In order to evaluate selenium speciation in animals fed with a selenium-enriched diet, the complementary investigation towards identification of chemical compounds of Se was performed. The contents of various chemical selenium species in the liver, muscle, and heart tissues were determined by the anion-exchange HPLC followed by ICP-MS detection of 78Se isotope. Based on the results of extraction efficiencies, 0.5% protease/lipase in water solution was used for extraction of selenium species. The applied chromatographic conditions allowed the obtainment of sharp peaks and demonstrated a good separation efficiency within 25 min. The registered retention times for the standards were for SeCys2--2.10 min; SeMetSeCys--2.88 min; SeMet--4.95 min; Se(IV)--9.91 min, and Se(VI)--15.25 min (Figure 1). Matching the retention times of commercially available standards with the peaks in animal tissue extracts indicates the presence of Se(IV), Se(VI), and SeMetSeCys in all of them, and SeMet in supplemented groups IV and V. Peak corresponding to the presence of SeCys2 occurred only in samples from group IV supplementation. The identification of the obtained signals on the bases of comparison with commercially available standards needed to be confirmed through further identification.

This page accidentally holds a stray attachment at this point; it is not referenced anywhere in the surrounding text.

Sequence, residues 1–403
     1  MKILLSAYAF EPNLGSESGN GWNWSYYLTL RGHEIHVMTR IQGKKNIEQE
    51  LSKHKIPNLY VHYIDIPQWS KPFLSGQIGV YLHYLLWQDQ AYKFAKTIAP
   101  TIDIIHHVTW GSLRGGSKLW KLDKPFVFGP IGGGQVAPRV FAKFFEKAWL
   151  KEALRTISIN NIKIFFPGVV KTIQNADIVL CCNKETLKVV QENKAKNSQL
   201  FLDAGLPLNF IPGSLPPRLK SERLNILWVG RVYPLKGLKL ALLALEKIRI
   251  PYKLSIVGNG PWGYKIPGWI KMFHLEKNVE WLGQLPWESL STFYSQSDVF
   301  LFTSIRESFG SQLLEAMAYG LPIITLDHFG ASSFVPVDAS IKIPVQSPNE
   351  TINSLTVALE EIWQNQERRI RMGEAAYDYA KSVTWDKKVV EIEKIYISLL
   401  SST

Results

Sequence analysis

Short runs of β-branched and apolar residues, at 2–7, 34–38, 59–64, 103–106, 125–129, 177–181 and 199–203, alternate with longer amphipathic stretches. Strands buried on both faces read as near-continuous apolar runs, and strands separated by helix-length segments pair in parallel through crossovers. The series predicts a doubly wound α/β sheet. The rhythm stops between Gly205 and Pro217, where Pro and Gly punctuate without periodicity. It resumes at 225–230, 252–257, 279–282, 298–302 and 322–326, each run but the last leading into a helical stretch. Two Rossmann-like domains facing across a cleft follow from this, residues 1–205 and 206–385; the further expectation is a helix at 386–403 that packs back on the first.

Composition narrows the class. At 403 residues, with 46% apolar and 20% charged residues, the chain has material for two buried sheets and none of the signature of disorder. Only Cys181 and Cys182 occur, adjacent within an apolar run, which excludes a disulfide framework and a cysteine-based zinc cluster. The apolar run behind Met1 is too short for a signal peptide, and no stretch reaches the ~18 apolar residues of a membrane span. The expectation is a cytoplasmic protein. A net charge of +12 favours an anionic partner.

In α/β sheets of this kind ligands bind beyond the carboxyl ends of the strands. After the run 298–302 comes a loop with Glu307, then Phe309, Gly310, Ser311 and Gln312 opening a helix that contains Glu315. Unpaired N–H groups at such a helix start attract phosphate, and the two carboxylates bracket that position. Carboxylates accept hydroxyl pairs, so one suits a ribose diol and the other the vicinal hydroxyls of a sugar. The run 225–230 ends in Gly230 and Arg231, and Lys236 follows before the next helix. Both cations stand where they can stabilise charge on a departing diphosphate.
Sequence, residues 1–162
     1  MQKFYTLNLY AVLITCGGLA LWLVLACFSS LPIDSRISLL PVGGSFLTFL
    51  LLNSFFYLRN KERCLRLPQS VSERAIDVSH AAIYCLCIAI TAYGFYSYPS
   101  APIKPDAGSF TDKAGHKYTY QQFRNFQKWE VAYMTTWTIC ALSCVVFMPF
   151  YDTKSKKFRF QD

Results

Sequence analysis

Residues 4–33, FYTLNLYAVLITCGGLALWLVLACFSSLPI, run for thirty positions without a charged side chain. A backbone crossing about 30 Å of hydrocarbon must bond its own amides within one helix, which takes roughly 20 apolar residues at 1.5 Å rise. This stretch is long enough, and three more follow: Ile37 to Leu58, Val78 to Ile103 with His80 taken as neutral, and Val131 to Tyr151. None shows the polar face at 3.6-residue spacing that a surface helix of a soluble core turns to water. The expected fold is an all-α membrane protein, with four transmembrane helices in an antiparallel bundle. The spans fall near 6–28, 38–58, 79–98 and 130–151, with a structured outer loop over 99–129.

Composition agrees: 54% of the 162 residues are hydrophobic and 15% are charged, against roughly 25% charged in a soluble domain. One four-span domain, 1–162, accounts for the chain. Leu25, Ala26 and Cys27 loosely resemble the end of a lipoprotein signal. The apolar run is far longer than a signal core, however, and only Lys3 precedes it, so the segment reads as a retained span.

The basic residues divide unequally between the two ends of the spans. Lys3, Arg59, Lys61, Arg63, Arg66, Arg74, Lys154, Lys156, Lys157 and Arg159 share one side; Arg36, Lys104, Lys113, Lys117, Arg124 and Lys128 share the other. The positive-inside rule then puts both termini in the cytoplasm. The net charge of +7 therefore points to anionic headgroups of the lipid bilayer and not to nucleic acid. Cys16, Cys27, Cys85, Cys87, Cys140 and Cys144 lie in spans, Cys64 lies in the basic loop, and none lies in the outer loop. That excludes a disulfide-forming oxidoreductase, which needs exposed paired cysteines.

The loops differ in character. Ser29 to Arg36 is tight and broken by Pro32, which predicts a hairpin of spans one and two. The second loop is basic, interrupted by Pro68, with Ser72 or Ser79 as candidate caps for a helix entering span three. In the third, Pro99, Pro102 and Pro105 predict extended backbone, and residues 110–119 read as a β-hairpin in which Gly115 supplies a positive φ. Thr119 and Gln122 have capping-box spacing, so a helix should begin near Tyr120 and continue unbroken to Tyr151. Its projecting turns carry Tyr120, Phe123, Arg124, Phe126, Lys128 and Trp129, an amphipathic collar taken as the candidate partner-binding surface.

In order to confirm the presence of the Se-compounds identified by HPLC-ICP-MS, high performance liquid chromatography coupled with tandem mass spectrometry equipped with an electrospray ionization source (ESI) was applied. Extracts of selected tissues were concentrated in a vacuum centrifuge and subjected to HPLC-ESI-MS/MS analysis. The retention time for SeMet, SeCys2, and SeMetSeCys were 5.82 min, 5.06 min, and 4.96 min, respectively. As a result of the HPLC-ESI-MS/MS analyses the identity of all selenium metabolites, previously identified by HPLC-ICP-MS was confirmed and quantified. The results of quantitative analysis of the selected seleno-compounds in liver, longissimus dorsi muscle (MLD) and heart are shown in Table 3.